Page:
Western Queensland is experiencing a boom in telehealth care with soaring numbers of patients now accessing medical support via telephone and video.
Latest data from GPs in the region show that in the past seven weeks alone, more than 9000 patients have had at least one telehealth phone call with their GP, almost 500 have undertaken a video call with their doctor and almost 800 have consulted a Nurse Practitioner via telephone.
Compiled by the Western Queensland Primary Health Network's Health Intelligence Unit, the figures show that more than 16% of the region's entire population (62,038) have accessed Telehealth since the start of April 2020.
WQPHN CEO Stuart Gordon said this trend was a clear response to the pandemic.
"But we've also considered what the future looks like beyond COVID-19, and what we're seeing is a widespread desire for Telehealth to become a bigger part of primary care in the bush," Mr Gordon said.
"The feedback we're getting is that while issues like connectivity and technical capability need to be addressed, there is strong support across our region for better utilisation of Telehealth in the post-pandemic world."
Mr Gordon said it was pleasing to see the Commonwealth was now indicating rebates for rural and remote Telehealth services may continue beyond September in response to the data.
In a separate WQPHN survey of 59 commissioned health providers (non-GPs), 48% said they'd experienced a "satisfactory or advanced" uptake of Telehealth since the pandemic struck, with 88% "willing to change" by incorporating Telehealth as part of their routine service offering post-COVID.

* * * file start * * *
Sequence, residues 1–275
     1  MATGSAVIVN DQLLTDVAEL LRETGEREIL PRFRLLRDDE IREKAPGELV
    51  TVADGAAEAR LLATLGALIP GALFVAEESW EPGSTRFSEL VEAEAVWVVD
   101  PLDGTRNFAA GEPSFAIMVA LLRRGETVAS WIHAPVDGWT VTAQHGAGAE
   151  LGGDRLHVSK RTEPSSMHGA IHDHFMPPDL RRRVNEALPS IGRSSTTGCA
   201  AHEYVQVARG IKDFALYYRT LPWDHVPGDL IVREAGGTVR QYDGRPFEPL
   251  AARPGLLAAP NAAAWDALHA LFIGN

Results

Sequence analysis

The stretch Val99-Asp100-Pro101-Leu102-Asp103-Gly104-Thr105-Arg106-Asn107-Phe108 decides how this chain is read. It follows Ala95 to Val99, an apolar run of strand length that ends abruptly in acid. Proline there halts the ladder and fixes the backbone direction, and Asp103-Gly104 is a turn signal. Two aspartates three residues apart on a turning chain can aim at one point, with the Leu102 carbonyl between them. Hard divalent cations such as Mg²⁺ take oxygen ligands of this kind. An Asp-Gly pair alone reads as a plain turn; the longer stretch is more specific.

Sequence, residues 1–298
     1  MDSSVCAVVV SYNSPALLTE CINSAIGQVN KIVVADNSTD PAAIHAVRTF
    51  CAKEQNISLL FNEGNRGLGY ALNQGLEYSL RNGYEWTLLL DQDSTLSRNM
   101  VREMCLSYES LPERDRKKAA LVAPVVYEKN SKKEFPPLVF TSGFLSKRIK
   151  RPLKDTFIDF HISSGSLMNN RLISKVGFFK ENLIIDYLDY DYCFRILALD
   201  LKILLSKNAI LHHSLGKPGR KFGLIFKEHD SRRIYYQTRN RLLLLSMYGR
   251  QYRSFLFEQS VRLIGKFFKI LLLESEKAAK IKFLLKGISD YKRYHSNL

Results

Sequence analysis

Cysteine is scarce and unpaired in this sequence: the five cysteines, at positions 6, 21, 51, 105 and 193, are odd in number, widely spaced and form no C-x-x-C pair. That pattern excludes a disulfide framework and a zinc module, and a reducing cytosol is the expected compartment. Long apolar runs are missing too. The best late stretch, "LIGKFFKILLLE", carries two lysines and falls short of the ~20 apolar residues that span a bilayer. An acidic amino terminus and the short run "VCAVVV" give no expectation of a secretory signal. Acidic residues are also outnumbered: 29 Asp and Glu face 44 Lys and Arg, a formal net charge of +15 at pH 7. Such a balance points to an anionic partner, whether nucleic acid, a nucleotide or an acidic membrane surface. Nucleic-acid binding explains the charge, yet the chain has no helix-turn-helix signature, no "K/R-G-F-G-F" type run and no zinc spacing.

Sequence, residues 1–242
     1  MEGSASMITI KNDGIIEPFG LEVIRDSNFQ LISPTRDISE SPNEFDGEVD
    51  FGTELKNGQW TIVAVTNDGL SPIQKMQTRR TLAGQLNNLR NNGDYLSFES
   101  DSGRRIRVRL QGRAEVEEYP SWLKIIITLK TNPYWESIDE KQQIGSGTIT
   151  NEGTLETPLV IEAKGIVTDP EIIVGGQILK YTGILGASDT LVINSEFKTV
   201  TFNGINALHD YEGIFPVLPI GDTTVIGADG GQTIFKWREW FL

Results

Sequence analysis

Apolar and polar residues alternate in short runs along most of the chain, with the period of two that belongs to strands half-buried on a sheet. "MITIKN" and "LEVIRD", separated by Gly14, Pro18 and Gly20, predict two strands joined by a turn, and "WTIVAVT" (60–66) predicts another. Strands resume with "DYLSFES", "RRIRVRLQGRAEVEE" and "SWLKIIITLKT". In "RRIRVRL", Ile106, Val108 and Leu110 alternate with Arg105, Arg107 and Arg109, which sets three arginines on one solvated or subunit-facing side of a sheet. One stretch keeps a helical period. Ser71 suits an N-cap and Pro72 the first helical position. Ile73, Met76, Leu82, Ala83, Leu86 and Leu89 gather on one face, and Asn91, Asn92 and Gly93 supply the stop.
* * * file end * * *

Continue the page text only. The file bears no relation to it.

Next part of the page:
Also reported in the survey conducted in the last week of April, 55% of providers said telephone was the most popular Telehealth platform, with video at 36% and email at 9%.
WQPHN Executive Manager Sandy Gillies said telehealth care made absolute sense for rural and remote Queenslanders because often a face-to-face consult with the nearest GP, specialist or allied health practitioner could require a full day or more of travel.
"Face-to-face consults will always be the gold-standard when it comes to primary care, but we see Telehealth as a vital adjunct that can improve access to care for remote patients, or those with mobility issues, the elderly, or where cultural barriers exist," Ms Gillies said.
The WQPHN has recently launched a "Telehealth-Care Guide" to help support rural and remote health practitioners build on their knowledge and improve their capacity to deliver Telehealth in the region.
Cloncurry GP Dr Leonie Fromberg said that follow-up appointment does not necessarily have to be a face-to-face.
"It can save patients a lot of time and money and stress if those follow-ups can happen via Telehealth," Dr Fromberg said.
"The tyranny of distance has to be accounted for; we have to implement something else in healthcare out here to help communities."
Renee Blackman, the CEO of Gidgee Healing in Mount Isa said telephones always work.
"So if people can't do video, we're doing a lot of things over the phone as well which is actually suiting people, but it's been a bit of a change," Ms Blackman said.
While you are here subscribe to our weekly email to your inbox every Tuesday and Friday